US Airlines warns of chaos if 5G mobile service rolls out this week

Two days before Verizon and AT&T plan to roll out more segments of their new 5G mobile internet technology, executives of the nation’s largest airlines warned again on Monday that thousands of flights could be grounded by interference from the technology and that “the country’s commerce a halt.”

In unusually pointed terms, the airline industry hinted in a letter to Transportation Secretary Pete Buttigieg and other top federal officials that Verizon and AT&T’s plans could add to disruptions to the global shipping network that fueled inflation.

High-speed 5G internet uses so-called C-band frequencies close to those used by planes to measure their altitude. Airlines say the technology can interfere with instruments and create a serious safety hazard. Verizon and AT&T argued that the aviation industry has years to upgrade any equipment that might be affected.

The protest by the CEOs of Delta Air Lines, American Airlines, United Airlines and seven other passenger and cargo carriers threw into question an agreement reached this month between the Federal Aviation Administration and the telecommunications companies. The FAA said it would not oppose the rollout of the new technology after the companies promised to address security concerns by reducing the power of 5G transmitters near airports.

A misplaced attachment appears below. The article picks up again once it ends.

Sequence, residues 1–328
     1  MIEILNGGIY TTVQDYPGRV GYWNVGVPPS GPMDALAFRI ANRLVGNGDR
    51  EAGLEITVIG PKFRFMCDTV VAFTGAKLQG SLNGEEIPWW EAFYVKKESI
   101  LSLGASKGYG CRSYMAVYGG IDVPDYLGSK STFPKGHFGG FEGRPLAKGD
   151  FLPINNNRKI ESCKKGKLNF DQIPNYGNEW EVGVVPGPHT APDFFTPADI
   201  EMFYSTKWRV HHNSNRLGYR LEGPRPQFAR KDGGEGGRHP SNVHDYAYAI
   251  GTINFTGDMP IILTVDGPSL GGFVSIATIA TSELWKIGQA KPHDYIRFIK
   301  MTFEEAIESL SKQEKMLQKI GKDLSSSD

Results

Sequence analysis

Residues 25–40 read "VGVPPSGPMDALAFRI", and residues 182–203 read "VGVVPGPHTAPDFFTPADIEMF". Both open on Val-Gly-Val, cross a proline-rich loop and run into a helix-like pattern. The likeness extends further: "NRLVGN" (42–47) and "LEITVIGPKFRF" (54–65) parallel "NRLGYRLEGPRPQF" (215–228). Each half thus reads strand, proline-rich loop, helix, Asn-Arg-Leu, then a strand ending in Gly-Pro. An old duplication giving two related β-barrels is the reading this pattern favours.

Airline executives said in their letter on Monday, which was reported earlier by Reuters, that aircraft manufacturers had informed them in recent weeks that measures promised by Verizon and AT&T were not sufficient to prevent interference with aircraft. aircraft sensors. They called for 5G technology not to be activated within 2 miles of 50 major airports.

“Several modern safety systems on aircraft will be deemed inoperable,” according to the letter, which was on the letterhead of Airlines for America, an industry group. “Aircraft manufacturers have informed us that there are huge swaths of the operating fleet that may need to be grounded indefinitely,” stranding thousands of passengers and adding to supply chain unrest, the officials said. Airlines companies.

“Immediate action is required to avoid significant operational disruptions to air passengers, shippers, the supply chain and the delivery of needed medical supplies,” said the letter, which was also signed by the CEOs of FedEx Express and from UPS Airlines.

In a statement on Monday, the FAA said it “will continue to ensure the safety of the traveling public as wireless companies deploy 5G” and “continue to work with the aviation industry and wireless companies to try to limit 5G-related flight delays and cancellations.”

Spokespersons for AT&T and Verizon declined to comment.

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